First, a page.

DAYTON, Ohio (WDTN) — The Ohio Department of Natural Resources (ODNR) is estimating that thousands of aquatic creatures were killed as a result of the East Palestine train derailment.

The organization provided an update Thursday on the aquatic life potentially killed as a result of the train derailment in East Palestine.

ODNR used a calculation endorsed by the American Fisheries Society to estimate the total number of minnows killed in the entire 5-mile span of waterway from the derailment site to the point where Bull Creek flows into the north fork of Little Beaver Creek. Of the estimate, 38,222 were minnows, ranging in size between 1 and 3 inches, according to a release.

ODNR estimates the total number of other aquatic life killed as a result of the derailment, including small fish, crayfish, amphibians, and macroinvertebrates is approximately 5,500.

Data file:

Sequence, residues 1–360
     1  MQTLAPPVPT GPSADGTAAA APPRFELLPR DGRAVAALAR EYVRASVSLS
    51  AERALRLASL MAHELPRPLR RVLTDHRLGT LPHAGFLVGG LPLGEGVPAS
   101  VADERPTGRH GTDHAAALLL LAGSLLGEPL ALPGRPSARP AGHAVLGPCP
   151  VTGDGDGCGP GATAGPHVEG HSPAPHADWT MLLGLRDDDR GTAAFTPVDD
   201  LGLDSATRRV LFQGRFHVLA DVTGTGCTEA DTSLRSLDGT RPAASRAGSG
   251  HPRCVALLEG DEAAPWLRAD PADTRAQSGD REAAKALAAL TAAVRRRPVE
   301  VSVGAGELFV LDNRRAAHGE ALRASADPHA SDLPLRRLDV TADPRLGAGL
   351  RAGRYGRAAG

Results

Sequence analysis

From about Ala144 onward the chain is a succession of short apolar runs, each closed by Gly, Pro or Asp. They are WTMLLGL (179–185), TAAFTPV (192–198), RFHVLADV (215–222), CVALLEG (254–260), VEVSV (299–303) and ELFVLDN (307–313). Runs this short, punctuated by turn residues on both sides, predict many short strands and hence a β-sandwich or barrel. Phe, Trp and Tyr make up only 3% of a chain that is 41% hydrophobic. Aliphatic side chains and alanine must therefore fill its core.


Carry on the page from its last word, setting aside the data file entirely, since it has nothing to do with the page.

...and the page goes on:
Although dead aquatic species still remain in the impacted waterways, the entirety of the impact to the aquatic life is believed to have occurred in the first 24-hours after the derailment, the release states.

There is no immediate threat to minnows, fish or other aquatic species. None of the species killed are believed to be endangered or threatened.

“ODNR continues to believe that none of the species killed in this event are in the threatened or endangered category,” Mary Mertz, ODNR Director, said.

“We are awaiting test results of several non-aquatic animals including three birds, and an opossum. We do not believe any of these animals were made sick by the train derailment, but we have submitted those specimens to the Ohio Department of Agriculture and will wait for those test results before making that judgement.”

The organization is continuing to monitor and assess the environmental impact during cleanup.

A recording of the Feb. 23 ODNR meeting can be found here.